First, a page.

Initiative Fosters Broad Range of Scholarly, Creative and Experimental Work at All Levels–Undergrad to Faculty
Photos courtesy of the African American Digital and Experimental Humanities Initiative
A fresh makerspace for crafting and creativity. Fellowships and residencies for scholars from around the world. And interdisciplinary teams of humanists and technologists working together on research and projects.
Supported by a three-year, $1.4 million grant from The Andrew W. Mellon Foundation, the next phase of the African American Digital and Experimental Humanities Initiative (AADHum) at the University of Maryland will grow and expand work at the intersection of digital studies, digital humanities and Black studies.
The grant will allow the UMD College of Arts and Humanities and the Maryland Institute for Technology in the Humanities (MITH) to operate a range of programs for scholars and artists focused on the study of Black life and digital and experimental storytelling and design. It’s the third round of Mellon funding for AADHum; the first and second phases of the initiative came through a $1.25 million grant in 2015 and a $2 million grant in 2019.
“Given that Black studies is so interdisciplinary, AADHum has become a space where many different kinds of energy can converge to produce truly exciting new work,” said Director Marisa Parham, a professor of English and the initiative’s principal investigator. “From small projects to multiyear research efforts, we’re expanding Black digital and experimental humanities thinking and modalities.”
Since its official launch in 2017, AADHum has helped scholars and administrators advance the practice and ethics of Black digital humanities through scholarship, training and community building. AADHum fosters research at all levels, from grants and fellowship opportunities for undergraduate students, to residencies for senior scholars and collaborators from a range of disciplines, to community engagement programs.
With a focus on hands-on practice as a path to humanities inquiry, AADHum affiliates and grantees have produced a wide range of work, including websites, podcasts, social media storytelling, digital essays, games, digital publications and more. It recently launched its own studio and makerspace in Taliaferro Hall, designed to further facilitate gatherings, research and creation in digital and experimental humanities.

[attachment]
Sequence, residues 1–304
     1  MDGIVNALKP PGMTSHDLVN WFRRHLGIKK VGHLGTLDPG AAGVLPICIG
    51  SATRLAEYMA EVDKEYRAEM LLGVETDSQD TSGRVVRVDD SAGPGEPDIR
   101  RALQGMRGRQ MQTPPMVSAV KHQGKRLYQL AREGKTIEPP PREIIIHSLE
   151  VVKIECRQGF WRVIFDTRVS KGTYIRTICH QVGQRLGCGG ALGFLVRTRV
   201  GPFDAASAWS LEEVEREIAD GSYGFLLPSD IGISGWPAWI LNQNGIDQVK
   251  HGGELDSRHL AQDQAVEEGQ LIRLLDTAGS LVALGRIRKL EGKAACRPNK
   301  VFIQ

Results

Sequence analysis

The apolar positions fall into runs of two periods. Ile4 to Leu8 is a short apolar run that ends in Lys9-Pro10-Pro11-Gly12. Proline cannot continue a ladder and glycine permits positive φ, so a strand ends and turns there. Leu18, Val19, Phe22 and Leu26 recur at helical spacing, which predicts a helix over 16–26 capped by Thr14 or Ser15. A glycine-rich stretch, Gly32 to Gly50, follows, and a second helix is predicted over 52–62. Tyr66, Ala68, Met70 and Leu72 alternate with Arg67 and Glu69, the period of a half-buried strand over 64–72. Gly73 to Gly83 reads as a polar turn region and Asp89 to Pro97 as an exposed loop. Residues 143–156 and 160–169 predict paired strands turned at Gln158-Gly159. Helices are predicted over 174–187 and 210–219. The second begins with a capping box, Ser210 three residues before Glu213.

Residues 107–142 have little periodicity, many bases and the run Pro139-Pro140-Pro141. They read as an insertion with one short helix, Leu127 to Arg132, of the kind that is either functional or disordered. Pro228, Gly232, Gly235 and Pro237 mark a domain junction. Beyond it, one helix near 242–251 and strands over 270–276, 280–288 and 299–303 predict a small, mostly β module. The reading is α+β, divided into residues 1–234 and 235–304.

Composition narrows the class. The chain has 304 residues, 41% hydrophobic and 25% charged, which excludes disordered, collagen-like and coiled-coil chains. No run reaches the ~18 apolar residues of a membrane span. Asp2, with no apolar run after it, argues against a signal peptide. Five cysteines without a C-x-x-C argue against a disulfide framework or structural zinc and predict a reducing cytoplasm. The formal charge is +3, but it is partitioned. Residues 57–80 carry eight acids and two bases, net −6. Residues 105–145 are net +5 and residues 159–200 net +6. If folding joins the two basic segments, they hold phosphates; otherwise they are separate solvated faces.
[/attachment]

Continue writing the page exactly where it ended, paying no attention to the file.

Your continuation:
“We encourage people to think with their hands, using material practices of crafting as pathways into discovering use and purpose for digital technologies in their own work, from clay to code,” Parham said. “Experimentation and interdisciplinarity have always been at the heart of Black storytelling.”
AADHum’s offerings include microgrants for students, workshops and humanities/design programs. Throughout the grant period, it will launch a mobile “Critical Making Labs” program, featuring pop-up programming beyond the university and even an ice cream truck. The new Project Igniter program will pair scholars with technologists and designers such as game developers, UX designers and book artists to create cutting-edge and interdisciplinary scholarship.
To sustain AADHum’s work at UMD into the future, it will continue to partner with academic programs, including the new immersive media design major and English’s digital storytelling and poetics minor, as well as the graduate certificate in digital studies. AADHum will also hire additional faculty, formalize a competitive graduate research training and professionalization experience, offer mentor-training programs and expand research partnerships with nearby universities.
“We are so proud of the ways in which AADHum has helped the College of Arts and Humanities become a global leader in experimental digital research related to Black life,” said ARHU Dean Stephanie Shonekan. “This work really is in the service of a larger vision for more dynamic, inclusive and just approaches to knowledge production, which is more important than ever.”
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